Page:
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I wanted to know when is hashing not a good approach to follow. I know that the hash function might be bad and all, but is there any other reason based upon which we can say that this question or problem would be bad to solve through hashing.

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closed as not constructive by Wooble, H2CO3, Alex Brown, j0k, Gavin Simpson Sep 8 '12 at 9:54

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Apart from the obvious answer of a great hash-less solution being obvious? –  delnan Sep 7 '12 at 17:30
@sammyiitgkp - Do you mean you are wondering if there are situations that would seem to call for a hash but where it wouldn't work for some non-obvious reason? Or are you really wondering if hashes are the ideal data structure for every algorithm? –  mbeckish Sep 7 '12 at 17:32

2 Answers 2

Hashes can collide (they're not guaranteed to be unique for every input). Thus, if you have a situation where a hash collision would be unacceptable, then you shouldn't use hashes.

Hashes are also generally unordered relative to the original input. That is, the hash of "1" is not guaranteed to be greater than the hash of "2", et cetera. So if you're trying to do operations on ordered data and preserve the order, hashing probably isn't useful.

Finally (and hopefully obviously), hashes are lossy - you can't recover the original hashed text from just the hash. Thus, they shouldn't completely replace the original data unless you intentionally way to go one way (e.g. passwords).

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Collisions can be resolve, can't they? Any specific scenarios in mind where this is not feasible? –  delnan Sep 7 '12 at 17:29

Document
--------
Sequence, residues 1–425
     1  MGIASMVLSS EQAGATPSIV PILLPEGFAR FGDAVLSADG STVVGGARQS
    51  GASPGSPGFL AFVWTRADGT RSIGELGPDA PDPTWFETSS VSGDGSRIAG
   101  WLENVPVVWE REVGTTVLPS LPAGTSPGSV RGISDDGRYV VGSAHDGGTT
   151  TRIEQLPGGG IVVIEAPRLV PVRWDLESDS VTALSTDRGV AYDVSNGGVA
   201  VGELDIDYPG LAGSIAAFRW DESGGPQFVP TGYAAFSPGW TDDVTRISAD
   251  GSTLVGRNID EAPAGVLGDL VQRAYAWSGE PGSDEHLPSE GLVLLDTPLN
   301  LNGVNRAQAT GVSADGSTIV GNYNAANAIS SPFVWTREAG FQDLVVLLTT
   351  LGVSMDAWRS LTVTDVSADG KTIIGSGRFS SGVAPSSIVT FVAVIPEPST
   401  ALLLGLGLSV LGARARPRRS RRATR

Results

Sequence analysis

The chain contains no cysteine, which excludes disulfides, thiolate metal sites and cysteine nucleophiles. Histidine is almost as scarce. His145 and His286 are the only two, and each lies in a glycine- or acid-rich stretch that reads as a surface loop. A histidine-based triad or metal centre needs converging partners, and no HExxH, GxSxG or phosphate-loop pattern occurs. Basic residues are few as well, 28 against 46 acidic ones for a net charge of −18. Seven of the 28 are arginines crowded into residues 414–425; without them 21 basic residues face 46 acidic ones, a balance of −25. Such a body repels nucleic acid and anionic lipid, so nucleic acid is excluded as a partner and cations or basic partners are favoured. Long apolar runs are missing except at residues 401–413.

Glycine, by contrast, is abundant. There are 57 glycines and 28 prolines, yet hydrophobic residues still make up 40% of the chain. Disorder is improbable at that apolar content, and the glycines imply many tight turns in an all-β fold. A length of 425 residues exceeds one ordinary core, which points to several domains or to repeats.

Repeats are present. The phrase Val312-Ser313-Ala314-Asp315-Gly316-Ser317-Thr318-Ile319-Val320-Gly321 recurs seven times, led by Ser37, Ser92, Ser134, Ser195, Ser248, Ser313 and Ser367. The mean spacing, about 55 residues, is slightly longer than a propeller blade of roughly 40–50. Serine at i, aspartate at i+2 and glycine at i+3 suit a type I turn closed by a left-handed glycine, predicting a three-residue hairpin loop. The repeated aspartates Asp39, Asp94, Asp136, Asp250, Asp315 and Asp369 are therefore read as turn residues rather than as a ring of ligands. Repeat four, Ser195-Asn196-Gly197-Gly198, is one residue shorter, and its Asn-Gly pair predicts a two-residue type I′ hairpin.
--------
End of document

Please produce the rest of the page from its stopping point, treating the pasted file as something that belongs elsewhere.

@delnan It depends on what the hashes are being used for. Hence "a situation where a hash collision is unacceptable." –  Amber Sep 7 '12 at 17:30
I read that, but I have a hard time imagining a situation where collisions cannot be resolved where hashes would be a good fit otherwise. I hoped you had a specific example. –  delnan Sep 7 '12 at 17:30
i know abouth the non uniform hashing , chaining and things. But is there any cap like the value of n or range using which we can tell –  sammyiitkgp Sep 7 '12 at 17:33

Bare hashes can cause security issues. For example, if you MD5 a common password the hashes are all similar and you have a major security flaw.

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There are plenty of hash functions which are cryptographically secure, and several approaches to fixing rainbow table attacks. This is not a problem with hash functions, it's a problem with a their use -- you can spoil any application of anything that way. –  delnan Sep 7 '12 at 17:33
Too bad the issue pops up in the news every so often... I was also under the impression that a standard hash function will map to a common hash for a given input. Statistically speaking, that can make it pretty easy to deduce the original password by looking at frequencies. –  Len Sep 7 '12 at 17:37
I don't know what you're talking about. It's true that these things, like most other security-related things, are easy to screw up (often in very subtle ways). But this is not related to this question, as it's not caused by using hashes per se, only by using weak/broken/non-secure hashes, applying them in a wrong way, or neglecting other security measures. –  delnan Sep 7 '12 at 17:55

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